Sunday, April 14, 2019


Shazam! – I'm told Captain Marvel, released around the same time as this movie, was pretty good. But between the two movies, both based on characters originally named Captain Marvel, this was the one I wanted to see, and I enjoyed it very much. It features teen newcomer Asher Angel as a frequent-runaway foster child named Billy Batson who has been looking for his mother since, when he was very small, they were separated in a crowd. A desperate wizard played by Djimon Hounsou lays the mantle of the powers of SHAZAM on him - wisdom of Solomon, strength of Hercules, stamina of Atlas, power of Zeus, courage of Achilles, speed of Mercury - and tells him that he must defend the world from the demons who embody the seven deadly sins.

Unfortunately, those demons have already been unleashed on the world, thanks to the revenge of the previous boy who didn't prove to be as pure of heart as the job description required. That failed candidate, now grown up and played by Mark Strong (remember the villain in 2009's Sherlock Holmes?) goes on an evil rampage, while Billy and his mildly disabled foster-brother mess around with his new superpowers, which (among other things) turn him into an adult, played by Zachary Levi. Other cast members include John Glover as the villain's father, Michelle Borth (of the current Hawaii Five-O), Adam Brody (of TV's The O.C.), and Cooper Andrews (of TV's The Walking Dead).

The upshot is an engaging blend of boyish goofiness and superhero-fantasy action, climaxing in a carnival battle between the demons and Billy's SHAZAM-ified family of foster siblings. Troubled kid learns lesson about loyalty to the found family he didn't actually set out to find. Unlikely candidate for being "pure of heart" enough to carry the mantle of SHAZAM, proves to have more going on under the cape than anyone would have guessed. Schoolyard bullies get the "suitcase wedgie" they've been dishing out, as a fringe benefit of having their lives saved from a freak carnival accident. With special effects that relied a little less on boring billows of smoke, it would be a just-about-perfect piece of family entertainment.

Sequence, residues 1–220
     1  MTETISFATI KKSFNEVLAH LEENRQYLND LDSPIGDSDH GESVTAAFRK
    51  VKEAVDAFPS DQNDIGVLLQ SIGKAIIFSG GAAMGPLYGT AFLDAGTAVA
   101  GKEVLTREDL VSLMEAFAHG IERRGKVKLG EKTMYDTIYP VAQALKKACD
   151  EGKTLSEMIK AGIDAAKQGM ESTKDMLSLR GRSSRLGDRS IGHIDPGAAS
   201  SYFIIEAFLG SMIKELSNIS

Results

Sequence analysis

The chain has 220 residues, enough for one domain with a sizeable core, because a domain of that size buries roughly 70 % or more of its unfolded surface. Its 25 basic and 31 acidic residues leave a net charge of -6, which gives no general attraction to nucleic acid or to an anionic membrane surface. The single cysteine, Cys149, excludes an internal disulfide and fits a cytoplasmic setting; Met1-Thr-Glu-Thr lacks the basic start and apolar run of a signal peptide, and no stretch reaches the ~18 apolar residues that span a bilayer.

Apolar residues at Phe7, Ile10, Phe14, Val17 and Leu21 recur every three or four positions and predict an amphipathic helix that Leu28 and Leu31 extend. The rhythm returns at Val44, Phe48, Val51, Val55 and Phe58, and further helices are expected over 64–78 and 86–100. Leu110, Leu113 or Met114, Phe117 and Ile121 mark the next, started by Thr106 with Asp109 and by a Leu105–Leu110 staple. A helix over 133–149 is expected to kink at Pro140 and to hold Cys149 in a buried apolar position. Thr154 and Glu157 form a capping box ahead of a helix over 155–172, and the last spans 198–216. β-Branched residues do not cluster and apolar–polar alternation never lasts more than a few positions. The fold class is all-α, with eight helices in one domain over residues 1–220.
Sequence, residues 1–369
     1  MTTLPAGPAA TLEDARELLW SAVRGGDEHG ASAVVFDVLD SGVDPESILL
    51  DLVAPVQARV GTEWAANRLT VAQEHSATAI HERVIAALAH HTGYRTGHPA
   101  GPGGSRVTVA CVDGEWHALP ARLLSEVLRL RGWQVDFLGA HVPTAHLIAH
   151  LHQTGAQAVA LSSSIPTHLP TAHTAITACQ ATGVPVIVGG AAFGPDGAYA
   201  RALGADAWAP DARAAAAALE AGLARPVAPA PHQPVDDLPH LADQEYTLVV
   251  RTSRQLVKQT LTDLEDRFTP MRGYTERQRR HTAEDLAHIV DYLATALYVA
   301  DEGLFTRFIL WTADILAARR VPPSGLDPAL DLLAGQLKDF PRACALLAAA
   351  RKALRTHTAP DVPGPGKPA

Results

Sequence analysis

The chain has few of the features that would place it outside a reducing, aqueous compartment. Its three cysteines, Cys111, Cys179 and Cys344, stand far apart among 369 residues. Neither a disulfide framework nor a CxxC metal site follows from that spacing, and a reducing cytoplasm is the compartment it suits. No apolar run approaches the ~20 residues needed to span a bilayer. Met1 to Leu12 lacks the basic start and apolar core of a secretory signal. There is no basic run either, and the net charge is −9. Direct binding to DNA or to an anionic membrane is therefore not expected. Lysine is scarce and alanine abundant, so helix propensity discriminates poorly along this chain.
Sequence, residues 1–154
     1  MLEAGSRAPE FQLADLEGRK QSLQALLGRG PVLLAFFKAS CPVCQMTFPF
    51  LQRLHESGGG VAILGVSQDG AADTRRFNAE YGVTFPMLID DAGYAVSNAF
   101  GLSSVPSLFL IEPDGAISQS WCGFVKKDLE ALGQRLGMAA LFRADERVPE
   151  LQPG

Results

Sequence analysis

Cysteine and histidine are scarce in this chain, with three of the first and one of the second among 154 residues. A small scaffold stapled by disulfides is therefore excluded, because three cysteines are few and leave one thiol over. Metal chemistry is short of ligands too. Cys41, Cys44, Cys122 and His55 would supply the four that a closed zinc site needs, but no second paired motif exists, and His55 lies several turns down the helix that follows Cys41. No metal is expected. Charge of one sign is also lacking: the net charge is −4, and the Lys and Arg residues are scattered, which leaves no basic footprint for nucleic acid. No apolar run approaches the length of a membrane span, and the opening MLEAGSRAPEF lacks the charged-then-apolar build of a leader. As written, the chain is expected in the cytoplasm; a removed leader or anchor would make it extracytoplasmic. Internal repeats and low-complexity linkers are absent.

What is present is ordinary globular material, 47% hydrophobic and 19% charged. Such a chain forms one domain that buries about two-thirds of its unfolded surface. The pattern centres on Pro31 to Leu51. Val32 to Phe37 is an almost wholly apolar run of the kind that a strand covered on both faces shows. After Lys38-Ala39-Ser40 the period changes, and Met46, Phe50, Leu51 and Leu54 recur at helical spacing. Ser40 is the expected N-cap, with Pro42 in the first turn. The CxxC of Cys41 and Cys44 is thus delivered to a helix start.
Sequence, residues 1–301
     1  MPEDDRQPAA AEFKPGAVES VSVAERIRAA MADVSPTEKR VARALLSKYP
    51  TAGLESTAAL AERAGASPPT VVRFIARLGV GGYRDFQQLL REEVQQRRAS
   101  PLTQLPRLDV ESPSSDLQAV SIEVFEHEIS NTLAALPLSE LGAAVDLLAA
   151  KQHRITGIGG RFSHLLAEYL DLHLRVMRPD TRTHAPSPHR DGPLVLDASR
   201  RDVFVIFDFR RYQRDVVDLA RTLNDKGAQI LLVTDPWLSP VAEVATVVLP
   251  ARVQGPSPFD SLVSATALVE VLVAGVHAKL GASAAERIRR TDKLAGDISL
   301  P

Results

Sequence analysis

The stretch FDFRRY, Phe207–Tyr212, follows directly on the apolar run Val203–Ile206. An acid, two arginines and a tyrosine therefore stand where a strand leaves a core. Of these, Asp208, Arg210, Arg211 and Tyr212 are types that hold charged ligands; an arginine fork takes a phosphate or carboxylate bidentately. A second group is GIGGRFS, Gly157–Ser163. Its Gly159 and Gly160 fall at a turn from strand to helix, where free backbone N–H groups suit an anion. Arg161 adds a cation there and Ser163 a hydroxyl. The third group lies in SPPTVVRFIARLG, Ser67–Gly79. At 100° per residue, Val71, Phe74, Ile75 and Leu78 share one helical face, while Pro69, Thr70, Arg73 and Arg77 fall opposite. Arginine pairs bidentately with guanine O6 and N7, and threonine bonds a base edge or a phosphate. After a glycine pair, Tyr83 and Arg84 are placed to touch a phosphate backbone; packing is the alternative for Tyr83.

Three Scenes That Made It For Me: (1) The boys use Billy's adult-hero look to buy beer at a convenience store - then try it, spit it out in disgust and go back for snacks. (2) The kid finally finds his birth mother, only to realize she isn't his real family. (3) Forced to discover his powers one at a time, young Shazam figures out how to fly only inches from going splat on a freeway overpass... then discovers his invulnerability when a truck slams into him. Bonus: The little "ha!" Billy's best bud/foster brother gives in the very last scene when he's introduced to a very Special lunch room guest. That capital S is a hint.

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